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Response to cleanhippie (Reply #159)

Sat Nov 16, 2013, 11:44 PM

171. Oh brother, you are serious here?

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Response to Tumbulu (Reply #156)

Sat Nov 16, 2013, 02:48 PM

160. Uh huh.

 

Get back to us in 10 years and tell us how well your prediction worked out, I have a strong feeling you'll be sorely disappointed.

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Response to Ranchemp. (Reply #160)

Sat Nov 16, 2013, 11:45 PM

172. Hope not, we will see.

Will we all still be on DU?

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Response to Tumbulu (Reply #172)

Sun Nov 17, 2013, 10:21 AM

174. Hell, will humans still populate the world?

 

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Response to Tumbulu (Reply #19)

Sat Nov 16, 2013, 12:48 PM

151. Guns will be gone in a decade?



I hear Jesus is coming back too!

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Response to cleanhippie (Reply #151)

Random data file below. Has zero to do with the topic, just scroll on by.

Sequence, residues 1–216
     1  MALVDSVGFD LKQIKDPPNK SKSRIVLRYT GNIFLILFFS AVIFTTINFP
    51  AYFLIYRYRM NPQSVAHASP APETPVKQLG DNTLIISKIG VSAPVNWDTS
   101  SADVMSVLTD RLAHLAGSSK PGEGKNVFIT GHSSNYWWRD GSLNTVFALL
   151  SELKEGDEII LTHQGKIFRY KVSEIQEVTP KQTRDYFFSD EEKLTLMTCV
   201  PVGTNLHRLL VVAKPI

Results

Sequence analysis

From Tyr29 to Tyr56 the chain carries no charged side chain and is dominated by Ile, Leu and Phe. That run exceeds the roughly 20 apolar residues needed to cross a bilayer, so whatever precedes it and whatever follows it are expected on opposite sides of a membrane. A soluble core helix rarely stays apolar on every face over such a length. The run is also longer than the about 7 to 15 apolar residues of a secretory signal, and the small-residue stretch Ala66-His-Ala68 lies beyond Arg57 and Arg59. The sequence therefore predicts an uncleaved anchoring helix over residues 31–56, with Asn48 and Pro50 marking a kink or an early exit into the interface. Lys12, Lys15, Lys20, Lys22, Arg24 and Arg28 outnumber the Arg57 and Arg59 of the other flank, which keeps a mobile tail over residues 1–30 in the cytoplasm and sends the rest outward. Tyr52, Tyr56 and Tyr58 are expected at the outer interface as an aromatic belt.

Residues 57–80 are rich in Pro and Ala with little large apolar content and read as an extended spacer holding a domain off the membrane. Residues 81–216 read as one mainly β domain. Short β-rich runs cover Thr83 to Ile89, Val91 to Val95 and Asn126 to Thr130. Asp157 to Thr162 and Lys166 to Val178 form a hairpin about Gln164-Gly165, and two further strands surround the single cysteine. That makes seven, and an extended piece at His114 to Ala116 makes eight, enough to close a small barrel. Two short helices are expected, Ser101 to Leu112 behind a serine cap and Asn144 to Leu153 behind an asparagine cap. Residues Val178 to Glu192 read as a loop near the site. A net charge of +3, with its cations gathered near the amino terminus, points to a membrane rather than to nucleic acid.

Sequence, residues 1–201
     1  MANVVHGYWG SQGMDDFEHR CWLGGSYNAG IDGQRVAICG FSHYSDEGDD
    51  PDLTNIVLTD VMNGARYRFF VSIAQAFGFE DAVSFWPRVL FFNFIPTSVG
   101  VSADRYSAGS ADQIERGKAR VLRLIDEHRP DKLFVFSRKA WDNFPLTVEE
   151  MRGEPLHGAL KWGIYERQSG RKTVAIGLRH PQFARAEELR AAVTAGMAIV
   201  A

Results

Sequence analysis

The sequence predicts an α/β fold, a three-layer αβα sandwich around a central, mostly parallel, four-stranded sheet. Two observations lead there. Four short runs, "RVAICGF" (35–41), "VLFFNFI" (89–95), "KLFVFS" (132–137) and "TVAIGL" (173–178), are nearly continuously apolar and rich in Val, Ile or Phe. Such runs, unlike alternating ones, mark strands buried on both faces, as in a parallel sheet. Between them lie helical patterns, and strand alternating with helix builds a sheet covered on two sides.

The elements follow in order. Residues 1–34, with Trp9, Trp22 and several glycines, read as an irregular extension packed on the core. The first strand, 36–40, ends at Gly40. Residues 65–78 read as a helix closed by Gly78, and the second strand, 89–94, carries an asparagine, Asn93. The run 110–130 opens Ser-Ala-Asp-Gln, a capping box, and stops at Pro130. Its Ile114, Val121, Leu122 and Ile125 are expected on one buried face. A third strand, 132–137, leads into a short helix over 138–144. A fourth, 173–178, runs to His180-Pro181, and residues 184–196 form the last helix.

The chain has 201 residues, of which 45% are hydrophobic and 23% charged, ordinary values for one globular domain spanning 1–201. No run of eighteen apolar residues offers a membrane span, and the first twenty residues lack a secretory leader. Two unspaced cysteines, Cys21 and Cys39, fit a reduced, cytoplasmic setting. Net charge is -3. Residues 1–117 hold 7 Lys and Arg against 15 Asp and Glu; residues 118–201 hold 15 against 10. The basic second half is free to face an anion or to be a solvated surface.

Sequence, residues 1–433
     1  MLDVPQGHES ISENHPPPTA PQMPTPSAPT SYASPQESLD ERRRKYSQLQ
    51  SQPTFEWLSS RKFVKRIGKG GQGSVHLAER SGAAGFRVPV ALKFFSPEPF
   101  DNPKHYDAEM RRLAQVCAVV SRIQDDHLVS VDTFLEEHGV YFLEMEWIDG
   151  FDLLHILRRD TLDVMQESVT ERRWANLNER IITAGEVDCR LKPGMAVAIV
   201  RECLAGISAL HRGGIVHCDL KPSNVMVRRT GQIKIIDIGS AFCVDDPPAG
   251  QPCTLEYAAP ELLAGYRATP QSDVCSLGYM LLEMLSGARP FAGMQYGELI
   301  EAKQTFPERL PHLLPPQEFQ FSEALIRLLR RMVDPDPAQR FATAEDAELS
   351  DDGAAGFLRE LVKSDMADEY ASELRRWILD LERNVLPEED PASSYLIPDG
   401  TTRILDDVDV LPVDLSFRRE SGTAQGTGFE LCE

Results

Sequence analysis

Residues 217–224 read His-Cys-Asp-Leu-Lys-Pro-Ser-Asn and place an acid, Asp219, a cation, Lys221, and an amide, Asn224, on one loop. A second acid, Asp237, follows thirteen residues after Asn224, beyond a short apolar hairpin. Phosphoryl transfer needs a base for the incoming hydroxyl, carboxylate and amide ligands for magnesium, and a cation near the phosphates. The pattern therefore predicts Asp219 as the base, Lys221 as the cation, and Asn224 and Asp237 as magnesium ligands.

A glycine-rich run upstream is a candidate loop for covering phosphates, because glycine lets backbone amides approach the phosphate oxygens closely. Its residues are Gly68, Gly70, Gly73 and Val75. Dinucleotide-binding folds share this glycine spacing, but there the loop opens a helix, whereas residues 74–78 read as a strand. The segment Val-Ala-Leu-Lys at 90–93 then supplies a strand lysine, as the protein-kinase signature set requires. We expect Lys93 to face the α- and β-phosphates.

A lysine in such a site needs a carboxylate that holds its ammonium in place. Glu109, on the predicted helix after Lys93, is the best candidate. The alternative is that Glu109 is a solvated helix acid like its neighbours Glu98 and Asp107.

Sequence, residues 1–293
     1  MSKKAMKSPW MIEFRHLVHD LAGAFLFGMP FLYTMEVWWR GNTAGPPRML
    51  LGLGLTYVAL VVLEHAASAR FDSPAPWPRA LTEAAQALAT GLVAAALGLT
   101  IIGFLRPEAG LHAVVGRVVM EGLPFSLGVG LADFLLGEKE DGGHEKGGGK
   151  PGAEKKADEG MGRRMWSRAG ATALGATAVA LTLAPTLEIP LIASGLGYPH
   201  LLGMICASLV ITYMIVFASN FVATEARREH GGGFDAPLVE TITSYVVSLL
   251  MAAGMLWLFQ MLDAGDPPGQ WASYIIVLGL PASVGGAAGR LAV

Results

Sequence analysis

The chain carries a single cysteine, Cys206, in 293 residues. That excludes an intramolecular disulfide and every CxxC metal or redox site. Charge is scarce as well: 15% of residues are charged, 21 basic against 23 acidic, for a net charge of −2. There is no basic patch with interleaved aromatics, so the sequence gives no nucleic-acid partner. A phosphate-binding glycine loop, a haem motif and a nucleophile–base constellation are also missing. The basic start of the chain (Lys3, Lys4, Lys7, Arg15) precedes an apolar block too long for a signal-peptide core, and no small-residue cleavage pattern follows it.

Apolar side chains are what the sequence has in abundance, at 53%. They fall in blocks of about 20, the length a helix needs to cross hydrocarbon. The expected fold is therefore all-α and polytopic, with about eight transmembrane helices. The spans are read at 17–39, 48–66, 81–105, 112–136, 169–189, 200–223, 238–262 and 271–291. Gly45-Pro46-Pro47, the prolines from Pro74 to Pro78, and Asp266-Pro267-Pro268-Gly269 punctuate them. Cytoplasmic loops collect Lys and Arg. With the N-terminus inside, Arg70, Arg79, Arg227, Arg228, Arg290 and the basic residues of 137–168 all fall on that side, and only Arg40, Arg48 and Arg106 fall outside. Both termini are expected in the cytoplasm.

Sat Nov 16, 2013, 02:09 PM

157. Well, you can say that you read it here

If Tumbulu says it, you know it's got to be true!

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Response to Tumbulu (Reply #157)

Sat Nov 16, 2013, 02:29 PM

158. First, you make predictions that have no basis in reality, then refer to yourself in the 3rd person.




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Response to cleanhippie (Reply #158)

Sat Nov 16, 2013, 11:42 PM

169. I'm trying to make a joke= lighten up! nt

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Response to Tumbulu (Reply #19)


Response to Name removed (Reply #166)

Sat Nov 16, 2013, 10:53 PM

168. too bad you feel that way

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Response to Name removed (Reply #166)

Sat Nov 16, 2013, 11:42 PM

170. time will tell nt

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Response to GreenStormCloud (Reply #13)

Fri Nov 15, 2013, 06:56 AM

35. Jeeez, so your right to arm up trumps everyone elses' rights. Where have I heard that before?

Last edited Fri Nov 15, 2013, 08:23 AM - Edit history (1)

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Response to Hoyt (Reply #35)

Fri Nov 15, 2013, 06:56 PM

119. You have heard it in the U.S. Constitution. N/T

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Response to GreenStormCloud (Reply #119)

Sat Nov 16, 2013, 12:48 PM

152. And what well-regulated militia do you belong to?